This week, South Carolina became the 24th U.S. state to adopt enhanced consumer protections that align with the standards finalized in early 2020 by the National Association of Insurance Commissioners in its Suitability in Annuity Transactions Model Regulation.
The NAIC is the United States’ standard-setting and regulatory support organization created and governed by the chief insurance regulators from the 50 states, Washington, D.C., and five U.S. territories. Through the NAIC, state insurance regulators establish standards and best practices, conduct peer reviews and coordinate their regulatory oversight.
Under the leadership of Acting Director Michael Wise, the South Carolina Department of Insurance has finalized and adopted a new rule that codifies the NAIC standards in the state. These standards align with those set out by the Securities and Exchange Commission’s Regulation Best Interest. In practice, this means that the annuity transactions standards require best-interest service without mandating that all advisers to such transactions act in a fiduciary capacity.
Among the supporters of the NAIC’s framework and its increasingly widespread adoption is the American Council of Life Insurers. ACLI President and CEO Susan Neely and National Association of Insurance and Financial Advisors South Carolina President Johnny Craven issued a joint statement on Monday commending the South Carolina regulators.
“Unlike a fiduciary-only approach, these measures ensure that all savers, particularly financially vulnerable middle-income Americans, can access information about different choices for long-term security throughout retirement,” Neely and Craven write. “The U.S. Congress reaffirmed the importance of lifetime income when it passed legislation in 2019 that made it easier for employers to include annuities in workplace retirement plans. These protections safeguard consumers while also ensuring that middle- and working-class families retain access to annuities.”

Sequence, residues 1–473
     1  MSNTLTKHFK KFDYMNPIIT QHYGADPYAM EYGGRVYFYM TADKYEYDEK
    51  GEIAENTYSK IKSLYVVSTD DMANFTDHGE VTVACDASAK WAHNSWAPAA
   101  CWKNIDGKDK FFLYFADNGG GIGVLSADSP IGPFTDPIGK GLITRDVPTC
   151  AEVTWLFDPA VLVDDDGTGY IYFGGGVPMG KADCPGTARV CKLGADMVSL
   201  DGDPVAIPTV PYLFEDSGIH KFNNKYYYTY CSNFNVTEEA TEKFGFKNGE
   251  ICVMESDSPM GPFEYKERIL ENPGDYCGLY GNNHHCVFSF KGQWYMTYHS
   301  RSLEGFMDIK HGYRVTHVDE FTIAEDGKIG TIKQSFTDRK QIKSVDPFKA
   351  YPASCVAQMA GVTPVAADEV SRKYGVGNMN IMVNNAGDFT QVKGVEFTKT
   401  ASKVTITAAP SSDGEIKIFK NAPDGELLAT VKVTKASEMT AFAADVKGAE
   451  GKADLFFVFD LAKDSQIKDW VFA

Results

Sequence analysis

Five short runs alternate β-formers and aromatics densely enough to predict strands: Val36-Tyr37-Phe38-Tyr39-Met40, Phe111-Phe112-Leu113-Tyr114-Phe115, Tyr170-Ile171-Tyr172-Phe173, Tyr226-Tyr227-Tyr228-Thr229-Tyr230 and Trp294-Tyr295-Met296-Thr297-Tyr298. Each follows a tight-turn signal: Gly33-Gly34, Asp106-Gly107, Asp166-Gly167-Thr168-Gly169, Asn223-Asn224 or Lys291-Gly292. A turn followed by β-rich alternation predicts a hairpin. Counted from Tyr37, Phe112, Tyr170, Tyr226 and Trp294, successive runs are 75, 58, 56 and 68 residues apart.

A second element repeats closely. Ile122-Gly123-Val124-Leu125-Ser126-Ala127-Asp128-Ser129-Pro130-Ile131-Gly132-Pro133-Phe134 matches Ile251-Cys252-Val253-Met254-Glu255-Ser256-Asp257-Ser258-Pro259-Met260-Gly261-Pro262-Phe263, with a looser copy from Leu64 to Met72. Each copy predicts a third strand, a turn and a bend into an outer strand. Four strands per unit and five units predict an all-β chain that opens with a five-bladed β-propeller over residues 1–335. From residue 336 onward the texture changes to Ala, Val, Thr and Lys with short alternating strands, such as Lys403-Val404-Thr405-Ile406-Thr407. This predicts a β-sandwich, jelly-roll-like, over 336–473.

Neely says the ACLI hopes that other states continue the momentum and adopt these “sensible protections,” so that more consumers can benefit from a best-interest standard of care while shopping for annuities.
One matter that could potentially complicate the widening implementation and enforcement of the NAIC’s suitability framework is the fact that the Biden administration could choose to modify, update or even rescind Reg BI, though sources say this is far from a given. While such a move would not entirely derail what the states have done, given that the safe harbors often also cite the Investment Advisers Act or the Department of Labor fiduciary standards, the elimination of Reg BI could cause ambiguity in the different state-based conflict of interest rules.